A mine is not required to submit a corrective action program. If a PPOV mine decides not to submit a corrective action program to MSHA, that mine will undergo a complete inspection within 50 days of receipt of the PPOV notice. During that inspection, to avoid an actual POV notice, the mine must achieve a 70-percent reduction in its S&S frequency rate per 100 inspection hours compared to the mine’s rate during the 12-month review period.
Conversely, if a PPOV mine does submit a corrective action program, the mine will have a maximum of 110 days from the receipt of the PPOV notification to implement the corrective action program and achieve a reduction in its S&S frequency rate. The district manager has the ability to give a mine operator that submits a corrective action program an additional 90 days to determine whether the program is effectively reducing S&S violations. If the corrective action program is implemented to avoid a POV notice, the mine must reduce its S&S frequency rate per 100 inspection hours by 50 percent as compared to its initial 12-month review period.
Without knowing the details of what MSHA will consider an appropriate program or to what extent MSHA’s benchmarks will resemble or surpass the stated S&S violation reduction rates, there is a risk that a mine’s development of a corrective action program will simply be a waste of resources because MSHA can dictate the terms of the program. There is also a risk that, in future inspections, the provisions of the program will be used against the mine as evidence of knowledge and/or willful disregard of MSHA standards.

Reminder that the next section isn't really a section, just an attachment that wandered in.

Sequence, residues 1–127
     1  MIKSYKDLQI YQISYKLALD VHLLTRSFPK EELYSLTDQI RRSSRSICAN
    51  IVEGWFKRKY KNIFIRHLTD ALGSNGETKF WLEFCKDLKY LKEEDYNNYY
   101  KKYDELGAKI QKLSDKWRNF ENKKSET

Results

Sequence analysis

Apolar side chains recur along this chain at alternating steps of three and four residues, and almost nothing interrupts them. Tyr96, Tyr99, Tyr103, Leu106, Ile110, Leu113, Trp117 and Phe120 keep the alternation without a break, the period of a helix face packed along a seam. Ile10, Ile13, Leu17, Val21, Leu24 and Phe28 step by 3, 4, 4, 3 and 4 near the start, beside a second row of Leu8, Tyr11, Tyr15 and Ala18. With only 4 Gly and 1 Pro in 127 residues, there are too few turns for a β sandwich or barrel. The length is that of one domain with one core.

On Nov. 3, 2010, MSHA announced it was seeking a court injunction to close Freedom Energy Mining Co.’s Mine No. 1 in Kentucky due to what MSHA believes is a pattern of violations. According to MSHA representatives, this is the first time MSHA has ever sought an injunction for the shutdown of a mine under Sec. 108(a)(2) of the Mine Act (which differs from the pattern of violation provision under Sec. 104(e) discussed above). This provision of the Act permits MSHA to seek an injunction or take other legal action whenever MSHA believes the operator “is engaged in a pattern of violation…which constitutes a continuing hazard to the health and safety of miners.” If the U.S. District Court grants MSHA’s motion, the operator will be ordered to close the mine temporarily, among other requirements. According to an MSHA representative, the Secretary of Labor has a number of other mines under consideration for similar civil actions for injunctive relief.
In 2008, when MSHA decided to make greater use of the POV program, we predicted MSHA’s decision would lead to an increased contest rate and further exacerbate an overburdened system. Under the new PPOV program, it is likely that S&S violations will continue to be hotly contested because of their role in PPOV and POV determinations. In view of the changes to the PPOV program and MSHA’s latest attempt to file for injunctive relief, operators and their counsel should carefully weigh their approach to PPOV avoidance. AM
Mark Savit is a partner with Patton Boggs LLP and can be reached at 303-894-6117 or email@example.com.
Erik Dullea is an associate with Patton Boggs LLP and can be reached at 303-894-6118 or firstname.lastname@example.org.